|Title:||Factors Associated With Treatment Mode and Termination Among Preschoolers With ADHD in Taiwan||Authors:||Lien, Yi-Ting
|Issue Date:||2015||Start page/Pages:||177-185||Source:||Psychiatric Services||Abstract:||
Objectives: This study examined the extent to which characteristics of family and health care providers predict treatment initiation, treatment mode, and treatment termination among preschool children with newly diagnosed ADHD. ;Methods: A cohort of 3,583 preschoolers with ADHD was identified from the National Health Insurance Research Database of Taiwan. Individual characteristics and health care records, including medication and nonmedication treatment, were documented. Logistic regression and time-dependent survival analyses were used to evaluate association estimates. ;Results: Over 80% of the children with newly diagnosed ADHD received initial treatment within a month of diagnosis, with 41% starting with combined treatment. Only one-quarter remained in treatment by the end of 12 months. In the first year, the termination rate was lowest for those who received rehabilitation treatment only (log-rank test, p<.001). Predictors of termination varied by treatment mode. For combined treatment, factors that marginally increased the likelihood of treatment termination were coming from a family in poverty (adjusted hazard ratio [AHR]=1.72) or from a rural region (AHR=1.40). Receiving initial treatment from a psychiatrist was associated with an increased likelihood of treatment termination for children receiving psychosocial treatment (AHR=1.80, 95% confidence interval [CI]=1.46-2.22) and combined treatment (AHR=1.38, CI=1.20-1.60). ;Conclusions: Family and service provider characteristics appeared to have differential effects on initial receipt and mode of treatment and on one-year treatment termination among preschoolers with ADHD in Taiwan's universal health insurance program. Future efforts should aim at reducing access barriers to comprehensive and continuous health care for very young children with mental or developmental disorders.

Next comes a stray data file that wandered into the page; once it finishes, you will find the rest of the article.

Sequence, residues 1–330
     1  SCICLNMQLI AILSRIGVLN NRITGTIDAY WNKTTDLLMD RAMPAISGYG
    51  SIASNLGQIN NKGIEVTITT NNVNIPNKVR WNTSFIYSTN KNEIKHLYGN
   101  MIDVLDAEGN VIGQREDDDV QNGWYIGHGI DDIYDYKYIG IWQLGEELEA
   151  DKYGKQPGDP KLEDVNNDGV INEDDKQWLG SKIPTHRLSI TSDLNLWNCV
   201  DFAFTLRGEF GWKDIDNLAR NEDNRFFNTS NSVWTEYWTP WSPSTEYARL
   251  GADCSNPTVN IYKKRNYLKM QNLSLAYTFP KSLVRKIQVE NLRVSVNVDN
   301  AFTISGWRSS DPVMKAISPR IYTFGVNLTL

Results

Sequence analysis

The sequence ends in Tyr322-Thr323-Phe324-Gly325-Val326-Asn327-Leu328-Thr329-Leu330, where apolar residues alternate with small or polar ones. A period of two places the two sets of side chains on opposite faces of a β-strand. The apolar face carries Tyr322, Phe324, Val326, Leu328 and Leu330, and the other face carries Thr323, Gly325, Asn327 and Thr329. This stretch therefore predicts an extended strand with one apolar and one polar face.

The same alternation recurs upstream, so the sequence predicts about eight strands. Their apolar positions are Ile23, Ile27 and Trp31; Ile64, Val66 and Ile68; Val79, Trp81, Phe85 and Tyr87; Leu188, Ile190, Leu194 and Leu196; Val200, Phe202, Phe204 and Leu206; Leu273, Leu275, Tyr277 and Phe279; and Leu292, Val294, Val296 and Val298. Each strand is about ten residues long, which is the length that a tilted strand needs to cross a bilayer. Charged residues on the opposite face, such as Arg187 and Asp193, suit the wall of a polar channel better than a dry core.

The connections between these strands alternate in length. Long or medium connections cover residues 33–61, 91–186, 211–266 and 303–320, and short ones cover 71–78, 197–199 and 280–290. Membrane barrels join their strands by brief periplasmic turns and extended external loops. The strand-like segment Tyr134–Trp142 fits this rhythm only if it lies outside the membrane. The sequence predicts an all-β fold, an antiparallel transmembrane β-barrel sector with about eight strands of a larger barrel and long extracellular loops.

|Appears in Collections:||物理治療學系所|
Items in DSpace are protected by copyright, with all rights reserved, unless otherwise indicated.